Shows & Panels
- The 2014 Big Picture on Cyber Security
- AFCEA Answers
- Ask the CIO
- Connected Government
- Consolidating Mission-critical Systems
- Constituent Servicing
- Continuous Monitoring: Tools and Techniques for Trustworthy Government IT
- The Data Privacy Imperative: Safeguarding Sensitive Data
- Eliminating the Pitfalls: Steps to Virtualization in Government
- Federal Executive Forum
- Federal Tech Talk
- Government Cloud Brokerage: Who, What, When, Where, Why?
- Government Mobility
- Mission-critical Apps in the Cloud
- Mobile Device Management
- The Modern Federal Threat Landscape
- The Path from Legacy Systems
- Understanding the Intersection of Customer Service and Security in the Cloud
Shows & Panels
Search Tags: Potomac River
The federal government, which owns nearly 20 percent of D.C., refuses to pay a new fee to clean up stormwater runoff, one that came about in response to unfunded EPA mandates.
Tags: WASA , Mark Segraves , Environmental Protection Agency , Water and Sewer Authority , National Association of Clean Water Agencies , Nathan Gardner-Andrews , Impervious Area Charge , Treasury Department , water bills , EPA , George Hawkins , Susan Poling , stormwater discharge , stormwater runoff , Anacostia River , Chesapeake Bay
Fish with disturbing mutations are popping up again in the Potomac and Shenandoah rivers, with as many as four in five male bass showing female characteristics.
A coastal flood warning is in effect until 2 a.m. Saturday, with tidal anomalies adding another foot or more to the Potomac River.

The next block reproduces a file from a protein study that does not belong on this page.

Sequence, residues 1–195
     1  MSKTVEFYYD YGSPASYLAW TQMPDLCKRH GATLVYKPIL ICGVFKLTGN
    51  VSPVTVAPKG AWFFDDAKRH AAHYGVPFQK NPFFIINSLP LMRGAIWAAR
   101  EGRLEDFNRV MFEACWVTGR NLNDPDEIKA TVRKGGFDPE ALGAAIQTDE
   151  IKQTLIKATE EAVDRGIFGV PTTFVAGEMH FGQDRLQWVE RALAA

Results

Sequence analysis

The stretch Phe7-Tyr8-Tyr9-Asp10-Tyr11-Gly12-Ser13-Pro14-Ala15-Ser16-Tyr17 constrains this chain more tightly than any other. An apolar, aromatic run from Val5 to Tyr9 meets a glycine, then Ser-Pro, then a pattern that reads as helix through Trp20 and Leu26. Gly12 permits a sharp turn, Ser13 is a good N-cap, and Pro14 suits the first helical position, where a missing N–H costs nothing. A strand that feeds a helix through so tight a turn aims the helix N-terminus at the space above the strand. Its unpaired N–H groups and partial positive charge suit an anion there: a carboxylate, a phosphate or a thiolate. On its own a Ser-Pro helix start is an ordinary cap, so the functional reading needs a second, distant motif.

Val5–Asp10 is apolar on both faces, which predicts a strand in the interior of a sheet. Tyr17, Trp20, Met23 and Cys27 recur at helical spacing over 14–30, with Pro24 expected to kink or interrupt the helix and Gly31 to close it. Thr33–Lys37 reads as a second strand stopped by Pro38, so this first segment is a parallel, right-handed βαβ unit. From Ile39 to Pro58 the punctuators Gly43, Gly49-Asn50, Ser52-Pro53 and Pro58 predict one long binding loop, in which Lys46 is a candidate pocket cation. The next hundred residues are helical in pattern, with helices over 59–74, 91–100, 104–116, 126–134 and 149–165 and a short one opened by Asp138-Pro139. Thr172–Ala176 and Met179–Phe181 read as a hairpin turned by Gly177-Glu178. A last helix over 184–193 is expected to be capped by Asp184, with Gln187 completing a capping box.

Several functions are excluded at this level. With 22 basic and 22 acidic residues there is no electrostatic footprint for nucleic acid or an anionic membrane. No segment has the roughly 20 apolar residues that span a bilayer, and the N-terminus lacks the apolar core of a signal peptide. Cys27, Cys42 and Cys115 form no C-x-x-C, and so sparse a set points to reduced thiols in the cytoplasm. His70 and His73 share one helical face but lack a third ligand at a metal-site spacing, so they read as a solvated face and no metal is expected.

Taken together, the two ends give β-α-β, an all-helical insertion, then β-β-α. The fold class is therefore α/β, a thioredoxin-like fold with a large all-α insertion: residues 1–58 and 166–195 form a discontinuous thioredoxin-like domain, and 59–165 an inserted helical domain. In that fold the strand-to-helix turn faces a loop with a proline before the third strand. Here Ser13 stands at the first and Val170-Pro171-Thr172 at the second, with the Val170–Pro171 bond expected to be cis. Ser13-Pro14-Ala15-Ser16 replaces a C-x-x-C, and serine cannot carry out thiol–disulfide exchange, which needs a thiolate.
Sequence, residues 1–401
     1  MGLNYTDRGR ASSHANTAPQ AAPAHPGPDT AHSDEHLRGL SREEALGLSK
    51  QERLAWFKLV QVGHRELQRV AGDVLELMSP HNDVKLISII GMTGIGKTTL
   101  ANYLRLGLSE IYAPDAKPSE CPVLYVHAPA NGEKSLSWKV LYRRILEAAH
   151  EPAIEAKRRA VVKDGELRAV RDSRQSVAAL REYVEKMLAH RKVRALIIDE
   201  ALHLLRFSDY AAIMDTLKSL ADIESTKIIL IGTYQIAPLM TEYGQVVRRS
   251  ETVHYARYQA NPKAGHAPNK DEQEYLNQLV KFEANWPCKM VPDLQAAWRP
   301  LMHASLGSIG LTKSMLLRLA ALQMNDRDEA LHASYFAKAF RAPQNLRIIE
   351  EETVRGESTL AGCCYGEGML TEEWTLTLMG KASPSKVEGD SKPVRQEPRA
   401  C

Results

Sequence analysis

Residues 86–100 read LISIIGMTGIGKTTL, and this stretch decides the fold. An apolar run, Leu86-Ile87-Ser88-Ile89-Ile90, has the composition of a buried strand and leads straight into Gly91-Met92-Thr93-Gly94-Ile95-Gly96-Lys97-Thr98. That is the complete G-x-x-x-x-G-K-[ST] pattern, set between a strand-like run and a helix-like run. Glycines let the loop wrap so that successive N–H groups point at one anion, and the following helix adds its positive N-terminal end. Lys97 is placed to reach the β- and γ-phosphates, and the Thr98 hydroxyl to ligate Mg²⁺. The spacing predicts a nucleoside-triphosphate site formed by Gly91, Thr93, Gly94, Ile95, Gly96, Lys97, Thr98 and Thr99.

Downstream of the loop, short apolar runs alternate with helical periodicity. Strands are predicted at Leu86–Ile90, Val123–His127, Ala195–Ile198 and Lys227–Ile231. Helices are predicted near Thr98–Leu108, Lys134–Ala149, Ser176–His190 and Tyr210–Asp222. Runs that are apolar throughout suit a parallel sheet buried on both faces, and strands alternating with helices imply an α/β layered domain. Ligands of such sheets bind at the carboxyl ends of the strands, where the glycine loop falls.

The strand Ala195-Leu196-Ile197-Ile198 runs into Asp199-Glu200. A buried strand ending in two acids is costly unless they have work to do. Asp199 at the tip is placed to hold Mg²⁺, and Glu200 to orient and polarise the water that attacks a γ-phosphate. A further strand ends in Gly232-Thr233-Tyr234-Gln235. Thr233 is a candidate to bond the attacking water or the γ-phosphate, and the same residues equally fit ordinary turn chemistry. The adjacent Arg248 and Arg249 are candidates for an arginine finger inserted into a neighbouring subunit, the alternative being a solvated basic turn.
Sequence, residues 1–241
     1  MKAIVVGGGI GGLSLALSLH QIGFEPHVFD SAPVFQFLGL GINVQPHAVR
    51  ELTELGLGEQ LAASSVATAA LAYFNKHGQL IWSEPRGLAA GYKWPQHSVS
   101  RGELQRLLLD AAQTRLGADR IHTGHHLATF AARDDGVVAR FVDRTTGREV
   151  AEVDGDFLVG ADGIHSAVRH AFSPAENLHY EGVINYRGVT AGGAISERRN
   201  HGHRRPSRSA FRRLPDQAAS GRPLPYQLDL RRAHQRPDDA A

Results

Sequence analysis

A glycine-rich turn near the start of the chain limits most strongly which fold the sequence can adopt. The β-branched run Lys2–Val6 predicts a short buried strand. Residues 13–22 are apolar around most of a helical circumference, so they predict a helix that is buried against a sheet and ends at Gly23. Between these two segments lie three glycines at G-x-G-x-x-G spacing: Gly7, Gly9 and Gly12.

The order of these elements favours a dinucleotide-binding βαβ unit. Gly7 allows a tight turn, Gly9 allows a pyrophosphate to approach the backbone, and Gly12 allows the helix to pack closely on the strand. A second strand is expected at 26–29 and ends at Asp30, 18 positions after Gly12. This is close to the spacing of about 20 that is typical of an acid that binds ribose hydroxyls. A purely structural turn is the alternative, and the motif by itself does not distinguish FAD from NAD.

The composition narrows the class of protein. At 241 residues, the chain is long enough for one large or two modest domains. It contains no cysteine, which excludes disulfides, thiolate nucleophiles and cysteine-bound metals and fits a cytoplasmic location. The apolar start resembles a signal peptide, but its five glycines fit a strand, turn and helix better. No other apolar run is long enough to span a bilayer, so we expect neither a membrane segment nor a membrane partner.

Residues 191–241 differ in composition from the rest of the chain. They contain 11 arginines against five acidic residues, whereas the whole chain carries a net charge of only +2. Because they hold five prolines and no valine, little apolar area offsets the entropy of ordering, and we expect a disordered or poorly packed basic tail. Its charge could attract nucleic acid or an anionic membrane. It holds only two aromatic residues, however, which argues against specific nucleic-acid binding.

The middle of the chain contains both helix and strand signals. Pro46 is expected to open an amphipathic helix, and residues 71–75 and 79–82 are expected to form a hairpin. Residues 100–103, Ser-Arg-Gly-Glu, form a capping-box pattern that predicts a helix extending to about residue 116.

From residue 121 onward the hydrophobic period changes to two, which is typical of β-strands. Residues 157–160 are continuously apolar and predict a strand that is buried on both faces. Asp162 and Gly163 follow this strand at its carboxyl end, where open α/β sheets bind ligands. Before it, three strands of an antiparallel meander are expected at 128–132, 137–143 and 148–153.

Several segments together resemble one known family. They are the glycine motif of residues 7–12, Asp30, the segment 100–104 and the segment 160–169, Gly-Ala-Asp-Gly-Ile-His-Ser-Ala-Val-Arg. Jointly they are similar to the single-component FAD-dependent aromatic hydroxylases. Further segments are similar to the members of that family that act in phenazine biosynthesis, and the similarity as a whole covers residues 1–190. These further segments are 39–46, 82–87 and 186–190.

Flooding is occurring along the Potomac River in Frederick and Washington Counties.
Several popular Georgetown waterfront restaurants that flooded last month are reopening.
The big cleanup at the Washington Harbour continues, but Easter weekend is definitely a washout for many of the businesses damaged by the flooding of the Potomac River.
Fourteen people have been rescued after a ferry crossing the Potomac River between Poolesville and Leesburg became stranded near the Maryland shore.
Construction of a new levee aimed at protecting downtown D.C. and the National Mall from river flooding is expected to be complete by summer of next year, federal and local officials say.
Tags: National Capital Planning Commission , Marcel Acosta , National Mall , levee , American Recovery and Reinvestment Act , U.S. Army Corps of Engineers , Steve Garbarino , Constitution Avenue , 17th Street , D.C. Department of the Environment , Christophe A.G. Tulou , Katrina , Federal Emergency Management Agency
Efforts to clean up the Potomac River watershed that provides millions of people with drinking water are well below expected progress, according to a local conservation group.